Learn To Speak AppleScript, Part 3: Coding Like Picasso

If you’re just joining us, here are Parts One and Two of the “Learn To Speak AppleScript” Series!

Familiar with that quote by Pablo Picasso “Good artists copy, great artists steal”?

Well… let’s just say this:
We’re going to make you into a Great AppleScript Artist with this lesson! 😉

Who Says That There’s No Honor Among Thieves?

With painting, music, writing – it’s a tradition to acknowledge the people that came before you. After all, without their contributions, you’d still be twiddling your thumbs. The best artists may have big egos, but they know that they aren’t starting from scratch — and programming is no different.

Realize this — The very act of writing an AppleScript immediately makes you a part of the Mac Community. It is a deep well where you can draw from the wisdom and insights of its long-standing members, benefit from its strong tradition of mentoring newcomers, and also share **your** insights back with those creative, smart people — all over the world.

As we discussed in Part Two of “Learn To Speak AppleScript”, “good programming” is a by-product of good thinking. Your head and your ego need to be situated properly to think clearly and to do your best work. It’s no different that a batter stepping up to the plate, a singer stepping up to a microphone, etc. — you should do what you have to do in order to “settle in” before game time.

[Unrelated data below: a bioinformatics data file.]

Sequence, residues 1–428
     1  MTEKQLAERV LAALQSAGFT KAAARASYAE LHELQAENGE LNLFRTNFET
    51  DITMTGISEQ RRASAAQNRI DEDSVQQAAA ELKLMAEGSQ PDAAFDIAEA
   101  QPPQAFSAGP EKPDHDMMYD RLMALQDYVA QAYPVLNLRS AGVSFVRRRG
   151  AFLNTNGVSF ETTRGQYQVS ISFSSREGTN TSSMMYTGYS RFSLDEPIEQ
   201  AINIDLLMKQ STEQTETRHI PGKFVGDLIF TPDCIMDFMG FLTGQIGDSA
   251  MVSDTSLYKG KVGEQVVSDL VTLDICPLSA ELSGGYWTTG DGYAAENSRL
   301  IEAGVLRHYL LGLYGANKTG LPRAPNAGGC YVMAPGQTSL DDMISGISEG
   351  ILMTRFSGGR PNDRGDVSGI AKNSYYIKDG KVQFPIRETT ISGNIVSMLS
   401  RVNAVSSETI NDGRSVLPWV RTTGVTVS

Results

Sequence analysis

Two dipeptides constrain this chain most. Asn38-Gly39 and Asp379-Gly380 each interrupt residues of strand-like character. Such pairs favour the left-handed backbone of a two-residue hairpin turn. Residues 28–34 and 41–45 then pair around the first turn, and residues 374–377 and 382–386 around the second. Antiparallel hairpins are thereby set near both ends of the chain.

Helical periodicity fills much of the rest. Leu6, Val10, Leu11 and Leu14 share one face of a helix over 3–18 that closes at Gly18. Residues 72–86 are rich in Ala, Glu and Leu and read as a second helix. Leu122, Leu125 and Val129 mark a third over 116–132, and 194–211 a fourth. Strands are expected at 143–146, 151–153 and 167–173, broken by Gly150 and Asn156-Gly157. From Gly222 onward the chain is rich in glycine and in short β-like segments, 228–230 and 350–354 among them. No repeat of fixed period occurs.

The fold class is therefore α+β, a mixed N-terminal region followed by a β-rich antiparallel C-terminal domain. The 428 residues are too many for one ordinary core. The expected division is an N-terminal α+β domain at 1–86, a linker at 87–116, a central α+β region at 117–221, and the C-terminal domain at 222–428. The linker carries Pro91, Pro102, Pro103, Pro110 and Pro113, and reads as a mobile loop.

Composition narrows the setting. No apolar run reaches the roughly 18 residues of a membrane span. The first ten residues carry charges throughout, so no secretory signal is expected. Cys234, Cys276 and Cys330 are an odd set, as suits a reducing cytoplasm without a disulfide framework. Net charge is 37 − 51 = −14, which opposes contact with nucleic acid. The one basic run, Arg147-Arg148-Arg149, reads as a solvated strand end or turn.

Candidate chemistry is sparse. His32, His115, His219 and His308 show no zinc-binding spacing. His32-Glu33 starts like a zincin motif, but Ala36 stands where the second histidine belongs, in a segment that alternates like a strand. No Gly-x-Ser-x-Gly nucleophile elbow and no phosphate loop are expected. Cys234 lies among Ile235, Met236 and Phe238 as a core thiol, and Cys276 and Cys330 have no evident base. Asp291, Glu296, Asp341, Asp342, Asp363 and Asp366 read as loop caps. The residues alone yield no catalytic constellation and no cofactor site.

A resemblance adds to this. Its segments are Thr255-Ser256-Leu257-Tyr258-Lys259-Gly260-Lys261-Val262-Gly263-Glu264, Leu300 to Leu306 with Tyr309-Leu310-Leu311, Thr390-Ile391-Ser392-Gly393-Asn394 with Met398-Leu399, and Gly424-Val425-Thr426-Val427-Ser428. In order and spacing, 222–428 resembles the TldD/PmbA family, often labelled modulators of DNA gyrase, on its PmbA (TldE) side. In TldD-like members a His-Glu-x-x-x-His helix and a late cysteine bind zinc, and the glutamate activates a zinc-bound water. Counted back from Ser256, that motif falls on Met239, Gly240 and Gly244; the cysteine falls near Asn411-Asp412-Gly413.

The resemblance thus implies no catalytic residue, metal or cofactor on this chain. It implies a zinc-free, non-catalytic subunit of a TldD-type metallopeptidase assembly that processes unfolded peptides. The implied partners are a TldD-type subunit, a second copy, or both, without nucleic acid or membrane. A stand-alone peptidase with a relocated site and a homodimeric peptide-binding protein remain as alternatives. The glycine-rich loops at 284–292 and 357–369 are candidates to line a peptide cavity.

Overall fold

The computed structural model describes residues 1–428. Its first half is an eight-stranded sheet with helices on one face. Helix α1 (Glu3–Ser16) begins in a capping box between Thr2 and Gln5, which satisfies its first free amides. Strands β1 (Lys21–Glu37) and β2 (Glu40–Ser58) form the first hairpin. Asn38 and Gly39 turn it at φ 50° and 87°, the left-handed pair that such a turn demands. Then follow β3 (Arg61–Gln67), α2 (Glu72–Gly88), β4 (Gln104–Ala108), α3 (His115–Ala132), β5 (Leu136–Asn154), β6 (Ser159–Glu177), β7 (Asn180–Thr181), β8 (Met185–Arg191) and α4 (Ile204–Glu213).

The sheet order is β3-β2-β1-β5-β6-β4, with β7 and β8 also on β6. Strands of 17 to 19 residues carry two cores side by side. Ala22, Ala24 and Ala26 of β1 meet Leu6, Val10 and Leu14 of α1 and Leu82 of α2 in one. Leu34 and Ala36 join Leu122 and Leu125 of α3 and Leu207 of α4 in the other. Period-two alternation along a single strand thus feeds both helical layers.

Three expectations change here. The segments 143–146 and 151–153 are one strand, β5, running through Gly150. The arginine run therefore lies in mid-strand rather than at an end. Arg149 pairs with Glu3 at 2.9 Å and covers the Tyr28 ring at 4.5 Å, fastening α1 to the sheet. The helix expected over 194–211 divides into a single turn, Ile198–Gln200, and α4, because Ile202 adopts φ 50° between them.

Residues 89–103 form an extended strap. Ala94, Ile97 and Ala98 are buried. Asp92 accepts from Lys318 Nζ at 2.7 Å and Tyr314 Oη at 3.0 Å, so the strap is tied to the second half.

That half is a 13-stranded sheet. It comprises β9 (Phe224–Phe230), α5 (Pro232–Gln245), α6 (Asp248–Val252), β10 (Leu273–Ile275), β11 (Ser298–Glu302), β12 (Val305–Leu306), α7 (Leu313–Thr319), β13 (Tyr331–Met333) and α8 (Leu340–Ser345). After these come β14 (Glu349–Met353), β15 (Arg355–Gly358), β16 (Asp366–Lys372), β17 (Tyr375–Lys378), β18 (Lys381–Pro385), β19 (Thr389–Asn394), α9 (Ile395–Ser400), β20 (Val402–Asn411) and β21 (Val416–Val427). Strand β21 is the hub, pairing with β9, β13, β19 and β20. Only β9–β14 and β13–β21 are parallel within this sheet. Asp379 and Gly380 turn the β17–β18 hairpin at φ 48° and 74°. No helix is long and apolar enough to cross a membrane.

Here’s one thing that I’ve been doing before writing or programming lately: I re-read Liz Danzico’s post (a.k.a., @Bobulate) about “The Currency of Enthusiasm”. Her post is a reminder that I can encourage more good work in the world by just taking a moment to acknowledge it when I see it. (BTW — Nice job, Liz! )

And believe it or not, I can make the world a better place by using someone else’s code bits in my AppleScript.

The Art of The Steal

Picasso made a distinction between “copying” and “stealing” — “stealing” being the road to artistic greatness.

Is “stealing” just copying more? No.
It’s quite literally the act of taking something that belongs to someone else — and making it your own.

After all, chances are that if you’re facing a programming challenge (hell, if you’re facing any kind of challenge in life), some one else has been through it. Thankfully, programmers as a group tend to talk in great detail about the “code dragons” that they’ve slain — and they often publish the source code that they used to do it.

So I say find that code. Use it. And, ultimately, make it your own.

And that, my friends, is “The Art of the Steal” and an essential key to Learning to Speak AppleScript. Find those smart people who have generously shared their solution to your problem, use it not only to solve your immediate problems but also to learn, and then acknowledge that their good work was a help to you. If you can, find ways to improve their bits and make them your own — and share your contribution back with the community so that other people can benefit from it.

Take a penny. Leave a penny.

“Internet etiquette” isn’t some esoteric thing: If you do it correctly, you’ll learn how to be a better programmer, you’ll make new friends, and you’ll get to help people. Your enthusiasm will shine a light on the contributions of others — and encourage new people to add water to the collective well of ideas and not just drink it dry.

Do it wrong — and you’ll be a pariah.

On the Next Page — We Begin to Code!